California Governor Jerry Brown signed the nation's first affirmative consent law on Sunday, meaning that the paradigm of "yes means yes" is now the law of the land at colleges in the Golden State.
Under pressure to reform how campuses deal with sexual assault and rape, California lawmakers first passed the bill last month. With Brown's signature, California is the first state to enact a law that implements a standard for consent for all educational universities that receive state funding or any private institutions where students receive state grants. As Ian Lovett explains, the law, in essence, changes the conversation from being about what is permissible rather than what's not.
"Consent can be conveyed by a verbal 'yes,' or signaled in a nonverbal way, but lack of resistance or objection cannot constitute consent."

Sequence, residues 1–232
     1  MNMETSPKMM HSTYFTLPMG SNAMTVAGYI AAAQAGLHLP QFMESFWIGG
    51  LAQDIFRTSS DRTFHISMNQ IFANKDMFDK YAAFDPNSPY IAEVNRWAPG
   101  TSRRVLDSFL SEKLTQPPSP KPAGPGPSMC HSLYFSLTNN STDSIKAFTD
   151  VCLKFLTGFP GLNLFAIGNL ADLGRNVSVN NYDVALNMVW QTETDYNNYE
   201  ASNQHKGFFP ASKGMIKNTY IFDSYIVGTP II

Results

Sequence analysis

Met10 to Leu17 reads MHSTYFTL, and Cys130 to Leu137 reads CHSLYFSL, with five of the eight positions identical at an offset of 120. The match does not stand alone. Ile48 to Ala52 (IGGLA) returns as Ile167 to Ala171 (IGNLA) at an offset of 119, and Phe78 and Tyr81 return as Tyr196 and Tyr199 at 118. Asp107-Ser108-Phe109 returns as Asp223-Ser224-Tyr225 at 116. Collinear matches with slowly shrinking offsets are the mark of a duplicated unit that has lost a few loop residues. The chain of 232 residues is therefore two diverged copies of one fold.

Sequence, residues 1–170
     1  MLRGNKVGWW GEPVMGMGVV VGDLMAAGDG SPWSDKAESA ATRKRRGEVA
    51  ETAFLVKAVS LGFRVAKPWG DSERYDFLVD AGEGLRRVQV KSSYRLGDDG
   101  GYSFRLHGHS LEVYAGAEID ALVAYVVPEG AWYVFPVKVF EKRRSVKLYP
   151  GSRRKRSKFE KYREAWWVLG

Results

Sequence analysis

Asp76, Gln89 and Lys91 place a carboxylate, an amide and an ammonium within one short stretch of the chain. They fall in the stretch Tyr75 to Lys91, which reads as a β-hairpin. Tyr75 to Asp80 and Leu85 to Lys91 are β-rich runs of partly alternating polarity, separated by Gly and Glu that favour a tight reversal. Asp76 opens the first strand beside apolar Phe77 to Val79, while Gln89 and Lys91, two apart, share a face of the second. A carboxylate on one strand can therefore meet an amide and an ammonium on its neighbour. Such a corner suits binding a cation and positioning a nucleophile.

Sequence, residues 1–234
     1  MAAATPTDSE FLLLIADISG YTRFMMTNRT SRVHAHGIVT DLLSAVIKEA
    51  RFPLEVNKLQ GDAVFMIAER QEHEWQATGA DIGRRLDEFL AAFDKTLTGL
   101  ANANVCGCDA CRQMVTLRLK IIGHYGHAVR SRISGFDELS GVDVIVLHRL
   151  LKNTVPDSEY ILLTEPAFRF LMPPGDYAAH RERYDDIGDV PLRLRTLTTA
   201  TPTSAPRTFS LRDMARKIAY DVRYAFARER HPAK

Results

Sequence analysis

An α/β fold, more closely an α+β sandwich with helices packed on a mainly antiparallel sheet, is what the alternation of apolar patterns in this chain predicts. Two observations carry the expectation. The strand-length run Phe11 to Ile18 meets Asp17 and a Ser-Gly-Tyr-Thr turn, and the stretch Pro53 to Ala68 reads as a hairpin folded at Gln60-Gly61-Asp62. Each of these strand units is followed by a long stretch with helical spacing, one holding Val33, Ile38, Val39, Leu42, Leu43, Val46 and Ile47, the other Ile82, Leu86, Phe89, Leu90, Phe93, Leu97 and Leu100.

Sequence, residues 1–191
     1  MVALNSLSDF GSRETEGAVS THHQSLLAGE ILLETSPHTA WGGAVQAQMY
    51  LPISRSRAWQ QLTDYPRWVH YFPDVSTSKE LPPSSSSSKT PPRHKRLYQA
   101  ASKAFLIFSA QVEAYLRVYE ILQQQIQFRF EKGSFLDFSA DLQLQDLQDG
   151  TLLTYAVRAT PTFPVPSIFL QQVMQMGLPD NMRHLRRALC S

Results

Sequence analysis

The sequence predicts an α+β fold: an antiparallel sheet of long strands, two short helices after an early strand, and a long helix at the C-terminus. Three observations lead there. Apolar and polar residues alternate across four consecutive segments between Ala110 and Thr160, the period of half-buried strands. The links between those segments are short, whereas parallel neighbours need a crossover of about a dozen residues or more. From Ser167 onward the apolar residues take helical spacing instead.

Women's rights activists, and most generally reasonable people, hailed the law as a major step forward. Someone who is drunk or unconscious, for example, can not grant consent.
Conservative talk show host Rush Limbaugh served as a useful foil for the initiative to change the law after he lambasted Ohio State University earlier this month for its consent law, which he said "takes all the romance out of everything.”
College like Ohio State and myriad others across the country have passed affirmative consent laws in the past although none of have been formally backed up by the full power of the state.
California is now the first. The question now is whether other states will follow.
This article is from the archive of our partner The Wire.
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